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WASHINGTON – The view from the speaker’s balcony is spectacular and unlike any vantage in the nation’s capital.

From the crest of Capitol Hill looking across the West Lawn toward the Washington Monument, half of the city is laid out in plain view, and at night, the boulevards, which all seem to lead to the Capitol, sparkle as though lined with diamonds.

A historian recently leading a group of visitors pointed toward the end of the shimmering diagonal to the right, Pennsylvania Ave., and said you could see the White House in Thomas Jefferson’s day.

The guide told his guests how Jefferson, as was his custom, would ride his horse the 1.6 miles from the White House to the Capitol, whatever the weather, to attend church with his red Bible tucked under his arm. (“Yes,” the  historian added, “It had the miracles he doubted cut out.”)

It might strike many as odd to learn the man who coined the expression “separation of church and state” would attend church services inside the Capitol.

However, no less an authority than the Library of Congress not only verifies this surprising fact, its website makes the astounding observation: “It is no exaggeration to say that on Sundays in Washington during the administrations of Thomas Jefferson (1801-1809) and of James Madison (1809-1817) the state became the church.”

“Within a year of his inauguration, Jefferson began attending church services in the House of Representatives. Madison followed Jefferson’s example,” the statement continued.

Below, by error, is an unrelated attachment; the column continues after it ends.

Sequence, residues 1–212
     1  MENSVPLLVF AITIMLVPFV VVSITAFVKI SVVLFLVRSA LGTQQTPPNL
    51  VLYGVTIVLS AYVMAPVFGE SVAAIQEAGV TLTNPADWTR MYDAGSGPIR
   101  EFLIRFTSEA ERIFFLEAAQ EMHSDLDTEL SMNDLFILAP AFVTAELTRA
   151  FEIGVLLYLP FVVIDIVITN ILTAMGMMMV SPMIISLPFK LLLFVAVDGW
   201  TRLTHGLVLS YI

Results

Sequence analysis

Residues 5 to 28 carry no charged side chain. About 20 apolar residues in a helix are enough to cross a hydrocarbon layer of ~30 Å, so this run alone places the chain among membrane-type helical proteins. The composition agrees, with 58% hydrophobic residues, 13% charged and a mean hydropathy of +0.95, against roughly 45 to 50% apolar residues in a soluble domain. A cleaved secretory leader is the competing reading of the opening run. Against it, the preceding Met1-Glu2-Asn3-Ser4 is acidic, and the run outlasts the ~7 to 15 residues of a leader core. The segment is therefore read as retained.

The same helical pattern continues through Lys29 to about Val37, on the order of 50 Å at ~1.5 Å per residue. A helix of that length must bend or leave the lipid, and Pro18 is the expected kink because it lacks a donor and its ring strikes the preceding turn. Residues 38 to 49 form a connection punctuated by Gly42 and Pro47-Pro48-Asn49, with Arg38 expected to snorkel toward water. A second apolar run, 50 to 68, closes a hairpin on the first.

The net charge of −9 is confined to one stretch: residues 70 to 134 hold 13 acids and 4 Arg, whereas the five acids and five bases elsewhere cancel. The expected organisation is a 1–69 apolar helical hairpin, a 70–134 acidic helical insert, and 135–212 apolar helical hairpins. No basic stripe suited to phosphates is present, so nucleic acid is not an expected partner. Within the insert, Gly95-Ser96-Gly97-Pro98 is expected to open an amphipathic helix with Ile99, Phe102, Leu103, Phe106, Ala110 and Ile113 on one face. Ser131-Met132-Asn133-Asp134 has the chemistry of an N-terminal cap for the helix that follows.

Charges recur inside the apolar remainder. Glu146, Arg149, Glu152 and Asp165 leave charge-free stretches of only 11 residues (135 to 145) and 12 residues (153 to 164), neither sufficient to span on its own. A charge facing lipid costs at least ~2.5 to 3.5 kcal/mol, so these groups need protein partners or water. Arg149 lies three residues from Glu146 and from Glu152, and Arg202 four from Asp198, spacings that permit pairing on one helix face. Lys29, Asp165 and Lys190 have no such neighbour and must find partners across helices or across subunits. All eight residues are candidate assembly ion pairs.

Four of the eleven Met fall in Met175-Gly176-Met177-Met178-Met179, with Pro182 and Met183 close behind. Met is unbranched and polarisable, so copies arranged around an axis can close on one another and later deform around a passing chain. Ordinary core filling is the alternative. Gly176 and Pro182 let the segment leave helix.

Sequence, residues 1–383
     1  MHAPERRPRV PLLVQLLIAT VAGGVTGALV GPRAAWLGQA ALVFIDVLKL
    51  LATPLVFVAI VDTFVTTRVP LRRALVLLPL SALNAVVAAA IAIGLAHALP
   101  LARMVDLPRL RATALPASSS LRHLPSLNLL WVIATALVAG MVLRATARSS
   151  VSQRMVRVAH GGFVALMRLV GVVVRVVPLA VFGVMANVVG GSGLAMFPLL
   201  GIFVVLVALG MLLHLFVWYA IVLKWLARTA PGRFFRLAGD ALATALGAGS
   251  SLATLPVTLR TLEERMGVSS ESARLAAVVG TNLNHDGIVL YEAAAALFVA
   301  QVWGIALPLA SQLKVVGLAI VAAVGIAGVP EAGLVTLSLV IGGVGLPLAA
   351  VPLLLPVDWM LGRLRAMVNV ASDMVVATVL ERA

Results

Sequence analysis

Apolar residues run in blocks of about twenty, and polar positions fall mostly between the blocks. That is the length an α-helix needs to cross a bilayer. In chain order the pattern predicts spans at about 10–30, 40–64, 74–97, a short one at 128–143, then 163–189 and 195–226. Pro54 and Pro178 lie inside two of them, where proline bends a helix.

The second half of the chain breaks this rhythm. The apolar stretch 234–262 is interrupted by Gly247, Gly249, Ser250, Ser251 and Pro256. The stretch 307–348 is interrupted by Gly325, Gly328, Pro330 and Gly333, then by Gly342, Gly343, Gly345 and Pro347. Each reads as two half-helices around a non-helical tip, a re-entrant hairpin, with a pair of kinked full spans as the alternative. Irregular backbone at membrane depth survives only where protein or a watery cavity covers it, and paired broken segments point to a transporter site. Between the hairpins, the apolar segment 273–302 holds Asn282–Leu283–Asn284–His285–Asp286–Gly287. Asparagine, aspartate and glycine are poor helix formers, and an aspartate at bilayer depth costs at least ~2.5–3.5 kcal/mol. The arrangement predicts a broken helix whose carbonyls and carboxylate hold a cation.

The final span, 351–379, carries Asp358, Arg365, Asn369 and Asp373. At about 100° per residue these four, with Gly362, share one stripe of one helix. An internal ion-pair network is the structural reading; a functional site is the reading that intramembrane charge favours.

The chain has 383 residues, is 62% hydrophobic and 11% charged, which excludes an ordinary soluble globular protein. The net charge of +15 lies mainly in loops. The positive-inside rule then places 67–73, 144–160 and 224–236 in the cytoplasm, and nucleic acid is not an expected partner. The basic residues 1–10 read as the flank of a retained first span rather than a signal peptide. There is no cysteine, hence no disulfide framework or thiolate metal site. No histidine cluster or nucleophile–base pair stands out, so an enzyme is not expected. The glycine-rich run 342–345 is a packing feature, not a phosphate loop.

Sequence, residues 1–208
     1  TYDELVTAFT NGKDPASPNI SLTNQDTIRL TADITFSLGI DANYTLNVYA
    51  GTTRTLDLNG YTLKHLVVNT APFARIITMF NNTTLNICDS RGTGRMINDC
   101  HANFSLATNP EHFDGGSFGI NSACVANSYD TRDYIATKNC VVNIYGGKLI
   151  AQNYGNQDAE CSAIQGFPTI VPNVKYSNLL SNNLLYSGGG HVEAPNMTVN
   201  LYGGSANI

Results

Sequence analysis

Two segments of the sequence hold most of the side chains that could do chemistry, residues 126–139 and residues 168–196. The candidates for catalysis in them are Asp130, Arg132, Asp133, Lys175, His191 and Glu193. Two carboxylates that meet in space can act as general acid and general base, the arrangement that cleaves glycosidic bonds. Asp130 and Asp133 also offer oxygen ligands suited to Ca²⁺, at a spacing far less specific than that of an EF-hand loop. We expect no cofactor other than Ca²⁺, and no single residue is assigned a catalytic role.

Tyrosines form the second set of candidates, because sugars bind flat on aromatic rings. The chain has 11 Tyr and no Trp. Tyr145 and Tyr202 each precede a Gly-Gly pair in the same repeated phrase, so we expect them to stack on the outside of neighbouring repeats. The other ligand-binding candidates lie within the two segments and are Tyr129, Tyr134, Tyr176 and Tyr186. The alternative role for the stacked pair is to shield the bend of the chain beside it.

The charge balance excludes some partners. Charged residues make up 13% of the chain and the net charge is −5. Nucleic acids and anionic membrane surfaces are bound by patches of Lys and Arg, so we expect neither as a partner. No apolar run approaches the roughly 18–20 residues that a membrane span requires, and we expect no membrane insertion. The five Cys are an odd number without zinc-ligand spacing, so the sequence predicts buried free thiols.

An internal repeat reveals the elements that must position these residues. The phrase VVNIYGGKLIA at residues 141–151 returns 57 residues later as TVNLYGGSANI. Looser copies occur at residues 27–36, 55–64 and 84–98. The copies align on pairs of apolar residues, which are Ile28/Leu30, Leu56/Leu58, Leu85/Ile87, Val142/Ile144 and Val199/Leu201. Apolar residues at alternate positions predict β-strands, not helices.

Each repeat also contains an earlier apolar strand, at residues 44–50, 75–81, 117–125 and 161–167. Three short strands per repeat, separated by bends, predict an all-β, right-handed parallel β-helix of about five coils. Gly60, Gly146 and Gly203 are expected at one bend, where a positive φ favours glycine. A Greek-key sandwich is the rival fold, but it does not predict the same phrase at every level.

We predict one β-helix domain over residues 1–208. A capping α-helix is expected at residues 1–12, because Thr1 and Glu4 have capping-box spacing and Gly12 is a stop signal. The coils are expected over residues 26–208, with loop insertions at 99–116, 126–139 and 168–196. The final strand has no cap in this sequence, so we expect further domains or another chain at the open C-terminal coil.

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The U.S. House of Representatives in 1822, now called Statuary Hall

Non-denominational Christian church services were actually held in the old House of Representatives chamber, what is now called Statuary Hall, from 1807 to 1857. They were also held in the Capitol for a few years after the Civil War until 1870.

Now, after a hiatus of 144 years, weekly prayer services have returned to the Capitol, held exclusively for members of Congress and their staff.

The services were launched under the direction of Dr. Jim Garlow, lead pastor of Skyline Church in San Diego and Rev. Dan Cummins, an associate pastor of that congregation. They are hosted by several members of Congress including Representatives Trent Franks, R-Ariz., Doug Lamalfa, R-Calif., Michele Bachmann, R-Minn., Duncan Hunter, R-Calif., and Louie Gohmert, R-Texas.

Garlow is the oversight pastor and Cummins is the convening pastor of The Jefferson Gathering held for members of Congress and staffers every Wednesday evening in a modestly appointed but comfortable room in the Capitol’s lower level.

Cummins made the official announcement of the services to WND, waiting until they had been underway for seven weeks.

The pastor explained the services are held mid-week because, unlike in the days of Jefferson, most lawmakers travel back to their home districts on the weekends.

Muslims have been holding services in the Capitol on Fridays since 1993, a tradition begun in 1993 under former House Speaker Newt Gingrich, R-Ga.